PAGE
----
Figures from the Health Protection Agency (HPA) released today show that new diagnoses among people infected with HIV in the UK have almost doubled in the past decade (from 1,950 in 2001 to 3,780 in 2010). Gay or bisexual men remain the group most at risk of becoming infected with HIV and new diagnoses in this group alone have increased by 70 per cent in the past 10 years (rising from 1,810 in 2001 to 3,080 in 2010).

Deborah Jack, Chief Executive of NAT (National AIDS Trust), comments:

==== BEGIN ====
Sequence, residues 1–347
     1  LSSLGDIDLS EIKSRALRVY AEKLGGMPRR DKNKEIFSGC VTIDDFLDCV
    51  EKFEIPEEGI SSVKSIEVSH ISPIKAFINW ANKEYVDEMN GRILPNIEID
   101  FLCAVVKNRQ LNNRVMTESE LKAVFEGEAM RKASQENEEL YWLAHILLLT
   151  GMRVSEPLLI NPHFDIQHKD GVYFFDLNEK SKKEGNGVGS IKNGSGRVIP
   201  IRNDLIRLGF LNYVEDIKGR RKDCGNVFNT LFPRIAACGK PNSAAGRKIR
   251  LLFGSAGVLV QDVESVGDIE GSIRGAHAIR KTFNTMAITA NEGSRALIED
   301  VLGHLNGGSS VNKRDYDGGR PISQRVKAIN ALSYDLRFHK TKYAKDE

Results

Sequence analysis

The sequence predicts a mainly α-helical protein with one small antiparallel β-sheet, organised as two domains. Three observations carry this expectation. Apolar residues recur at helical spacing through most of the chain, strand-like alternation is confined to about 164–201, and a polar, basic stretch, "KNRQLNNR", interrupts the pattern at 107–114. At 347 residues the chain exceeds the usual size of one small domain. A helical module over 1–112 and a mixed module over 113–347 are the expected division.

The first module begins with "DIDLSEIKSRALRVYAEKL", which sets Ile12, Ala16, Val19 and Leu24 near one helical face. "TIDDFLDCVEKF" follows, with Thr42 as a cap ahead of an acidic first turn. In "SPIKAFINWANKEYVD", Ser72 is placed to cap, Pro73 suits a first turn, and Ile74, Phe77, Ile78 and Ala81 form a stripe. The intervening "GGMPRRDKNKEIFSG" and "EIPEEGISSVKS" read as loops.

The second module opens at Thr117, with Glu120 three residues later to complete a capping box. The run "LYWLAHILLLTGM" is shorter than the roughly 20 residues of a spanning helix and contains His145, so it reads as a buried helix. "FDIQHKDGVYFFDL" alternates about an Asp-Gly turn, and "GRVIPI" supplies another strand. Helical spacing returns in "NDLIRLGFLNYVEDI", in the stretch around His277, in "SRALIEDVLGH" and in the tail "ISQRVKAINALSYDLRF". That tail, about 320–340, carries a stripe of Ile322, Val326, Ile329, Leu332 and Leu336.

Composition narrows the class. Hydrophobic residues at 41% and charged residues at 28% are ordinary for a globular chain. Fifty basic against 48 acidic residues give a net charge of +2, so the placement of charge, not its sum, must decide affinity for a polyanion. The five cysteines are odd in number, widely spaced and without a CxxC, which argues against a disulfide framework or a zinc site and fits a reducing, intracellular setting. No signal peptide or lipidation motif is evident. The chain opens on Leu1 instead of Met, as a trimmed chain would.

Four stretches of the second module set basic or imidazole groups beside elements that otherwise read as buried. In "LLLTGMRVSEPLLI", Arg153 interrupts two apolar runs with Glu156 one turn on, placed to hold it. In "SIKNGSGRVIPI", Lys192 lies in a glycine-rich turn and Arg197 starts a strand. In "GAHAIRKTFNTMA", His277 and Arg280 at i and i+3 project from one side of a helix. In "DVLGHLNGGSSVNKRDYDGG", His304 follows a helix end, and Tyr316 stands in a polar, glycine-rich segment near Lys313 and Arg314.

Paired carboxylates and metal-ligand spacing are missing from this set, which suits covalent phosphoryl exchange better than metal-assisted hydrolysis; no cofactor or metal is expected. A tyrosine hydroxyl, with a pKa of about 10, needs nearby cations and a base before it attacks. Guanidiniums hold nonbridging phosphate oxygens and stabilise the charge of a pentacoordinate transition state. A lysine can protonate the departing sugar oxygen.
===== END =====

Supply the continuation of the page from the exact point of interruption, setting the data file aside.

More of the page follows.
‘With UK-acquired HIV diagnoses amongst gay men increasing by 70% over the past decade, it is clear there is more we can do in HIV prevention. Reducing late diagnosis not only benefits the individual, but brings prevention benefits too. Those diagnosed earlier are better equipped to prevent HIV transmission, and those on treatment with a fully suppressed viral load see their infectiousness very significantly reduced. A key message for sexually active gay men is to have an HIV test at least once a year, and more frequently if you have put yourself at particular risk, have an STI or change partners. If we all acted on this we would see real progress.’


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